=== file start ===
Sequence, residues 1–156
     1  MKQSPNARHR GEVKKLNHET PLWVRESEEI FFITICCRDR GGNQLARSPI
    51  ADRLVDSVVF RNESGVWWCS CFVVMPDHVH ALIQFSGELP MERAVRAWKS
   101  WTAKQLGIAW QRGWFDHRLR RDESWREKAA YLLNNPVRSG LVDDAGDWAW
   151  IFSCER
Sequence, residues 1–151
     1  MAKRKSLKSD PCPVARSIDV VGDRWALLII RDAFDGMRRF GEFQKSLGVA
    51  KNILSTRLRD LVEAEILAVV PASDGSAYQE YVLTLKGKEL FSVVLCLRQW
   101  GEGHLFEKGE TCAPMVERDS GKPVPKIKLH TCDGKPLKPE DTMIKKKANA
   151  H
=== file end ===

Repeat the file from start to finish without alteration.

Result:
Sequence, residues 1–156
     1  MKQSPNARHR GEVKKLNHET PLWVRESEEI FFITICCRDR GGNQLARSPI
    51  ADRLVDSVVF RNESGVWWCS CFVVMPDHVH ALIQFSGELP MERAVRAWKS
   101  WTAKQLGIAW QRGWFDHRLR RDESWREKAA YLLNNPVRSG LVDDAGDWAW
   151  IFSCER
Sequence, residues 1–151
     1  MAKRKSLKSD PCPVARSIDV VGDRWALLII RDAFDGMRRF GEFQKSLGVA
    51  KNILSTRLRD LVEAEILAVV PASDGSAYQE YVLTLKGKEL FSVVLCLRQW
   101  GEGHLFEKGE TCAPMVERDS GKPVPKIKLH TCDGKPLKPE DTMIKKKANA
   151  H